Find out what possessed Patricia Park to make her debut novel, Re Jane, an audacious retake of Charlotte Brontë’s Jane Eyre, featuring a half-white orphaned Korean heroine, and why O, the Oprah Magazine, NPR and NY Times Book Review have all singled it out for praise and awards. Filmmaker Maria Maggenti, director of The Incredibly True Adventures of Two Girls In Love, will spark what promises to be an intriguing and delicious conversation between two mavericks on Wednesday, April 27th at 7 p.m. Enjoy discussion with a signing to follow.
The novel follows the life of Jane Re—sent to live with her uncle in Flushing, Queens. Desperate for a new life, she’s thrilled to become the au pair for two Brooklyn English professors and their adopted Chinese daughter and be inducted into the world of organic food co-ops and nineteenth–century novels. But when a family death interrupts Jane’s new life, she flies off to Seoul, leaving New York far behind. Re Jane is a tale from Queens to Brooklyn to the Gangnam district of Seoul and back, as Jane searches for “the motherland” and challenges what it means to belong.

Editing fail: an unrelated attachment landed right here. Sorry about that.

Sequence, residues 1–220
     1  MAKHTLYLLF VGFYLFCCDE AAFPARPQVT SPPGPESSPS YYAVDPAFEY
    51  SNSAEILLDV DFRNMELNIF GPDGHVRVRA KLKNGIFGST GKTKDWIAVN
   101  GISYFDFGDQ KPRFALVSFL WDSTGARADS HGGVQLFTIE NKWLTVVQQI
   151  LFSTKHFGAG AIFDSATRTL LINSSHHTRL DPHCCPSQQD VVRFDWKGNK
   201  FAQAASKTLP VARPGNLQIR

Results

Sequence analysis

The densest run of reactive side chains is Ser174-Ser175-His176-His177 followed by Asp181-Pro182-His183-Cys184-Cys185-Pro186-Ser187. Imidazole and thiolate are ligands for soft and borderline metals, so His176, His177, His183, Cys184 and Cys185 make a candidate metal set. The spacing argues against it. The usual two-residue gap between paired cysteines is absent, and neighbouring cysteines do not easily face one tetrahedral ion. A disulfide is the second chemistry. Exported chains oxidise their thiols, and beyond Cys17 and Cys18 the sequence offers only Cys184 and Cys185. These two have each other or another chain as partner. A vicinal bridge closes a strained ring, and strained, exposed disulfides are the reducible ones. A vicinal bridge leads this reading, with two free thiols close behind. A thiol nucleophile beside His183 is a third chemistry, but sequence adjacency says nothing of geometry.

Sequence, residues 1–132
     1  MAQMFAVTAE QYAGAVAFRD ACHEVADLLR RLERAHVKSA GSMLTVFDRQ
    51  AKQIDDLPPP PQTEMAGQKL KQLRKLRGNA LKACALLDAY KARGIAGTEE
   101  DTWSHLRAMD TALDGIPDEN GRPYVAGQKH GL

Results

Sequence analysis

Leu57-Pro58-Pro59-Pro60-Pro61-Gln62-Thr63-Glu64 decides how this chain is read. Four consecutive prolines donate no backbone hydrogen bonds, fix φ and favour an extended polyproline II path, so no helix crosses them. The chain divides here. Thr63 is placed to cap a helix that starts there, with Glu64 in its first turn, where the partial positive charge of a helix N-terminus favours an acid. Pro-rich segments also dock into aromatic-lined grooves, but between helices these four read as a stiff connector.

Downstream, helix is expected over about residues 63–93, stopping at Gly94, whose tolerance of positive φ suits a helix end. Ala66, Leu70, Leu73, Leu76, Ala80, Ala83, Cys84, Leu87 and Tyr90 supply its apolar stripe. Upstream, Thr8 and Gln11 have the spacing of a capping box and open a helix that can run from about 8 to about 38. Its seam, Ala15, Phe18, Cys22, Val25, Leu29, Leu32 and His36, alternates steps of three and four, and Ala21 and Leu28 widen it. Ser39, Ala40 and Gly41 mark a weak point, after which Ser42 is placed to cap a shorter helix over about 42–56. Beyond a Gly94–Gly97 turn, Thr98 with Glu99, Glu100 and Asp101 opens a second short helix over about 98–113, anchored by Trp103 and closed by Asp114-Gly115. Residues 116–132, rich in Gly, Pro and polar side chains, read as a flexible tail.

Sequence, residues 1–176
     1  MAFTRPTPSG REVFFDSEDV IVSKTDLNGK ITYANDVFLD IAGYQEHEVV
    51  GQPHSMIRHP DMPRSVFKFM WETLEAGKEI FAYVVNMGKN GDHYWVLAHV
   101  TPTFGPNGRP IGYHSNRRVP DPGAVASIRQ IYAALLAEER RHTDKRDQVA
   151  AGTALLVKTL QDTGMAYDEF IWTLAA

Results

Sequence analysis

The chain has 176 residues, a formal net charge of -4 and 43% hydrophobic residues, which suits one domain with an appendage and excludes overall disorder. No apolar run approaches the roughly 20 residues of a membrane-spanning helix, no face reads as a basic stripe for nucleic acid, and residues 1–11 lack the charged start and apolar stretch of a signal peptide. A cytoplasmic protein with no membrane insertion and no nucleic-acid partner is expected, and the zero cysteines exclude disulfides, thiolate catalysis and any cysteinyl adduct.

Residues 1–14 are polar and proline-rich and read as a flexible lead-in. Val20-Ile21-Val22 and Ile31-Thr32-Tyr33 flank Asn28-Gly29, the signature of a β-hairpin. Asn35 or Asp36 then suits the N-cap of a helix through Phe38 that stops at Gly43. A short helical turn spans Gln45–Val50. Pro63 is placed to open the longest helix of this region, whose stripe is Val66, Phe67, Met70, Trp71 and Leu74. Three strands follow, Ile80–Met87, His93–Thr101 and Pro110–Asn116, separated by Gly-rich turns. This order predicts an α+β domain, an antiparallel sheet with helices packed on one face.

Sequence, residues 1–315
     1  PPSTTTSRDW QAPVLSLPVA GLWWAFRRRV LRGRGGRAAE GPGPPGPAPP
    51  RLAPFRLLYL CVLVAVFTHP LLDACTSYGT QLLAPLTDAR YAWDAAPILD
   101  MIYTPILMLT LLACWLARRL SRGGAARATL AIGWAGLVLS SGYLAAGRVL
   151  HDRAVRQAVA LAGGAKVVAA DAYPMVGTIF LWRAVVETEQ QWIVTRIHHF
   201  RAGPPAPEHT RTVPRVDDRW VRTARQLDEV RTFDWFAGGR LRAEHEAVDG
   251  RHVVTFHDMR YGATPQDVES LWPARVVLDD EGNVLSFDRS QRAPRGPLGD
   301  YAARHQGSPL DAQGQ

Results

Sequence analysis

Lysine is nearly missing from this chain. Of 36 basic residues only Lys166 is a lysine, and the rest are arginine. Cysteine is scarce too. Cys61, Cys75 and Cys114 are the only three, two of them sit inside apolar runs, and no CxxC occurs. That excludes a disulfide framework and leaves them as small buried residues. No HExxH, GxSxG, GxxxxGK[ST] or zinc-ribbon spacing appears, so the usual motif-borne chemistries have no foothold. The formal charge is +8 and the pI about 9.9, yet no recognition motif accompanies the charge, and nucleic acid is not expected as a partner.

“Mixing new-fangled Jell-O shots, hipsterisms, and spicy fish stew with old-fashioned romance… with such energy, color, and emotional insight! Reader, you’ll love it.” —DANIEL MENAKER, author of My Mistake
Patricia Park is the author of the debut novel Re Jane, named a New York Times Book Review Editors’ Choice and American Library Association’s Best Books of 2015. Born and raised in Queens, she was a Fulbright scholar to South Korea and an Emerging Writers fellow with The Center for Fiction. Her essays have been published in the New York Times, the Guardian, Daily Beast, Slice Magazine, and others. Her media appearances include MSNBC “Book Report,” NPR “Here and Now,” WNYC “Brian Lehrer,” and CBS Radio.
Maria Maggenti is an independent film director and screenwriter for film and television. She wrote and directedThe Incredibly True Adventure of Two Girls in Love (1995) and her film Puccini for Beginners was nominated for the Grand Jury Prize at the 2006 Sundance Film Festival. She’s sold five pilots and is currently in development for three more projects. She was an activist with ACT UP for many years.